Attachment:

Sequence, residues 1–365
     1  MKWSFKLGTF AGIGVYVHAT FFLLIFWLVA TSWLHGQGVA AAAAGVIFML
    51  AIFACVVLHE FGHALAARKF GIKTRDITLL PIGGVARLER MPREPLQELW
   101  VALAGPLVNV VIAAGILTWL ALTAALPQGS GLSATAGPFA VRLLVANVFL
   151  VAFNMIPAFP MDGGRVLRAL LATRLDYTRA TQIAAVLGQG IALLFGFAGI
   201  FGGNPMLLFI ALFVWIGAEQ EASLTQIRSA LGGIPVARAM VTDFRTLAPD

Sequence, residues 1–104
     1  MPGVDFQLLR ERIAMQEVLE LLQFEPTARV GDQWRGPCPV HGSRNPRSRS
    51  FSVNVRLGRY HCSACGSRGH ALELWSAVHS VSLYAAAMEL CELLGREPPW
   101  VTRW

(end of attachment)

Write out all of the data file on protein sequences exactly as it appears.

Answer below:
Sequence, residues 1–365
     1  MKWSFKLGTF AGIGVYVHAT FFLLIFWLVA TSWLHGQGVA AAAAGVIFML
    51  AIFACVVLHE FGHALAARKF GIKTRDITLL PIGGVARLER MPREPLQELW
   101  VALAGPLVNV VIAAGILTWL ALTAALPQGS GLSATAGPFA VRLLVANVFL
   151  VAFNMIPAFP MDGGRVLRAL LATRLDYTRA TQIAAVLGQG IALLFGFAGI
   201  FGGNPMLLFI ALFVWIGAEQ EASLTQIRSA LGGIPVARAM VTDFRTLAPD

Sequence, residues 1–104
     1  MPGVDFQLLR ERIAMQEVLE LLQFEPTARV GDQWRGPCPV HGSRNPRSRS
    51  FSVNVRLGRY HCSACGSRGH ALELWSAVHS VSLYAAAMEL CELLGREPPW
   101  VTRW